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Let $f:\mathbb{R}^+ \to \mathbb{R}^+$ be a continuous function which is integrable on $\mathbb{R}^+$. Ie. $\int_{\mathbb{R}^+} f \in \mathbb{R}$. Moreover suppose that $f'$ is absolutely integrable, i.e.

$$\int_{\mathbb{R}^+} |f'|\in \mathbb{R}.$$

Then do we have $$\lim_{x \to \infty} f(x) = 0?$$

This should be false, yet I am unable to find a counterexample. I've tried to create the usual counterexample of a function composed of triangles such that the sum of the area of these triangles is a convergent serie but it doesn't work ($\mid f' \mid$ is not integrable).

(Note: all the integrals are taken in Riemann sense not Lebesgue).

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$f'$ absolutely integrable means $f'$ integrable, so $$x\mapsto \int_0^x f'(t){\rm d}t=f(x)-f(0)$$ has a finite limit $\ell$ for $x\to+\infty$.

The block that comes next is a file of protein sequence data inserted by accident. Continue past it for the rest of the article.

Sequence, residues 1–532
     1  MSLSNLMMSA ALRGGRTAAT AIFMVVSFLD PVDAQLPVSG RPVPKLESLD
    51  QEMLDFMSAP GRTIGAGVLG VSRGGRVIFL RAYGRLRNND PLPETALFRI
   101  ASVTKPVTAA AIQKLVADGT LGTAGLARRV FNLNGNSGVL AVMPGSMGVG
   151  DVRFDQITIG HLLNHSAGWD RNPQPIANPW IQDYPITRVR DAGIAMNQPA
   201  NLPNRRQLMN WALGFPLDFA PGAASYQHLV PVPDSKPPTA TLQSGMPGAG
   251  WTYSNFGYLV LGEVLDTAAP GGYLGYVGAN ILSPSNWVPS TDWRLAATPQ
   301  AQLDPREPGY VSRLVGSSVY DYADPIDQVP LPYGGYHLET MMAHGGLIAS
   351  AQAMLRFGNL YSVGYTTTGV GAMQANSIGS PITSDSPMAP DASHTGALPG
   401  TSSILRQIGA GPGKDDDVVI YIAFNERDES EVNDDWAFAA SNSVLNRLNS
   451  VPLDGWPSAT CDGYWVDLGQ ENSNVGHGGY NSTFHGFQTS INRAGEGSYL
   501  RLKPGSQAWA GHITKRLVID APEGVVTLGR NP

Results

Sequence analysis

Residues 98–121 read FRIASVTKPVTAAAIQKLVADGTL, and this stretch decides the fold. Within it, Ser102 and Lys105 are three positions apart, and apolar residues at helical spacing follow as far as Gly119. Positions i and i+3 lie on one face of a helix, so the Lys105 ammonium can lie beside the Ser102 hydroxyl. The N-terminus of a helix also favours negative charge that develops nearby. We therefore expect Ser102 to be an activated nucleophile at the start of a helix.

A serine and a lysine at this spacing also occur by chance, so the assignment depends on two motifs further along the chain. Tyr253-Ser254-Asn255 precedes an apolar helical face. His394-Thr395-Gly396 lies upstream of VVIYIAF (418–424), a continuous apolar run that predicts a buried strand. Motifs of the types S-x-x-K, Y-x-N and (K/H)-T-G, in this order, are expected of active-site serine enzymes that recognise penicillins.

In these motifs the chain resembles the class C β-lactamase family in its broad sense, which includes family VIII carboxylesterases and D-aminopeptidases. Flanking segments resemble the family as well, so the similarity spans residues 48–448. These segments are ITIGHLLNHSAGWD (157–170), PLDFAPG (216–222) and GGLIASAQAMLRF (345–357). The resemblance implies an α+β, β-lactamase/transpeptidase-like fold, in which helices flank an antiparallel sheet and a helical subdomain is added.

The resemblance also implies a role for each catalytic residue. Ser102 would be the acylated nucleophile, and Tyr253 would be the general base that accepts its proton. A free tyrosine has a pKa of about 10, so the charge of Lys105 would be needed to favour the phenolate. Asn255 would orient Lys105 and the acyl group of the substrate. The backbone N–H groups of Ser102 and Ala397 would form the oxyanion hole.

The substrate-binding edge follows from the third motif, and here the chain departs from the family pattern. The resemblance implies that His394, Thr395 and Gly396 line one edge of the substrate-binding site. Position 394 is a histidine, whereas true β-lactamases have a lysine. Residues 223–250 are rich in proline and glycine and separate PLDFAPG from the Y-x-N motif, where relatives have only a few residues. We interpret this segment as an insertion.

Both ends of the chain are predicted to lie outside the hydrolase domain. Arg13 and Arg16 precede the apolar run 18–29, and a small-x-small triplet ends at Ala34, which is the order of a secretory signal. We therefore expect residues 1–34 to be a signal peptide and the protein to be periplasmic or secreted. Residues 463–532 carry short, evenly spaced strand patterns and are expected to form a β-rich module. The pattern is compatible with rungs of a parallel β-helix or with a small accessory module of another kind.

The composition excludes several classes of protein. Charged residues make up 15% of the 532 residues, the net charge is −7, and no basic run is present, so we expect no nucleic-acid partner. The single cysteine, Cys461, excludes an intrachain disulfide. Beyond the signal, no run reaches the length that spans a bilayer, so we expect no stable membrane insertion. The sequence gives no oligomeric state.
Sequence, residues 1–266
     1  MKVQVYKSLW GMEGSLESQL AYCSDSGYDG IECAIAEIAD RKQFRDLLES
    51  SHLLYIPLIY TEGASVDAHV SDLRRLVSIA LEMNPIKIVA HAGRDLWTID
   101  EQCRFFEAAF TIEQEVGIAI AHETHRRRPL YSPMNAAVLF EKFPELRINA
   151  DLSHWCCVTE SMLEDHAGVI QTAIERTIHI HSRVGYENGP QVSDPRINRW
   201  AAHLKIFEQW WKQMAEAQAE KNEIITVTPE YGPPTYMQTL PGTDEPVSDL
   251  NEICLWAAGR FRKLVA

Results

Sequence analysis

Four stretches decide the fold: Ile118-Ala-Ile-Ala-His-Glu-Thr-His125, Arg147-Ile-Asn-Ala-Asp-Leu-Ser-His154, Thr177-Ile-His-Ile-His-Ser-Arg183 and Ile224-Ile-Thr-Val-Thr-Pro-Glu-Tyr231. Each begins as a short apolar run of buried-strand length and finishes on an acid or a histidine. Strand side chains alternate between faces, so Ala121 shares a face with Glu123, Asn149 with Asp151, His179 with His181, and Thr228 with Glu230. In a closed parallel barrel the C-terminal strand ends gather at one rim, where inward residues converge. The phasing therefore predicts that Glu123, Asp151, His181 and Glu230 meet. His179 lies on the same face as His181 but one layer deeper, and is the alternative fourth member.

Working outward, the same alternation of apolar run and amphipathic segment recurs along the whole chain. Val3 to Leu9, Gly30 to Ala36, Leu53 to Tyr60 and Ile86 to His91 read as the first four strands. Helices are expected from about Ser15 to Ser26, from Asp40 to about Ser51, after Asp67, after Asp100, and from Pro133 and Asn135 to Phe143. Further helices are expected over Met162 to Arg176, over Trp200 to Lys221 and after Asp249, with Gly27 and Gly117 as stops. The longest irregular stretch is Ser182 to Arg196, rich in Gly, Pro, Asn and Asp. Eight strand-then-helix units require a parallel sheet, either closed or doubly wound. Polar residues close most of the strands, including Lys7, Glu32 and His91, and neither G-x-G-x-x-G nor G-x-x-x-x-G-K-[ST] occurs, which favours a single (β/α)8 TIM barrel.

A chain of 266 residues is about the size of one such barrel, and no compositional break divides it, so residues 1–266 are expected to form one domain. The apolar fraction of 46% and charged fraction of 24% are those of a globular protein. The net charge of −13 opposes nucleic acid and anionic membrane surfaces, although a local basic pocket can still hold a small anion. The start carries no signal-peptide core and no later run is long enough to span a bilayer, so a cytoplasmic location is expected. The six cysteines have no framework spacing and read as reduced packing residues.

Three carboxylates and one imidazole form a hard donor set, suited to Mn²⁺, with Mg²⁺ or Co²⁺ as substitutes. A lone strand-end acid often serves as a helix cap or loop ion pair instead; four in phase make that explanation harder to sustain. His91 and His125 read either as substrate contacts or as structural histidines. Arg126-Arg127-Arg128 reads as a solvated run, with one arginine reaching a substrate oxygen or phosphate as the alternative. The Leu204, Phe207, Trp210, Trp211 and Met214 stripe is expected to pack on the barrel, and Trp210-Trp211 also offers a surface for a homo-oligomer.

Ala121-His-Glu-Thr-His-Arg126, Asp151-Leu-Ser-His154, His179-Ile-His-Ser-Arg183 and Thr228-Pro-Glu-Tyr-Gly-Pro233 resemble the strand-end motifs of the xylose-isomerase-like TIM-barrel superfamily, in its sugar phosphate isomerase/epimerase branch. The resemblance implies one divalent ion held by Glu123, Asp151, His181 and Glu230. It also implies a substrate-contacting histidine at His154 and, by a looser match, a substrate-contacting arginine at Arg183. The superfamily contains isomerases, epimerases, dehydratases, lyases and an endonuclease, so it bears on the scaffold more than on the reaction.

If this limit were to be different from $0$, it should be easy tu prove that $f$ can't be integrable on $\mathbb R^+$.

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  • $\begingroup$ Is this true? Take the Cantor singular function $f$ and extend it to a function $g$ on $\mathbb R^+$ by reflecting it in the line $y=1/2$ and translating it $1$ unit to the right; in general, if $g$ is defined on $[0,n]$, extend it to $[n,n+1]$ by reflecting $gf_{\big|[n-1,n]}$ the line $y=n+1/2$ and translating by $1$ unit. Then, $g'=0$ $\endgroup$ – Matematleta Nov 11 '18 at 15:27
  • $\begingroup$ @Matematleta : this does not contradict what I said, does it ? $\endgroup$ – Nicolas FRANCOIS Nov 12 '18 at 17:50

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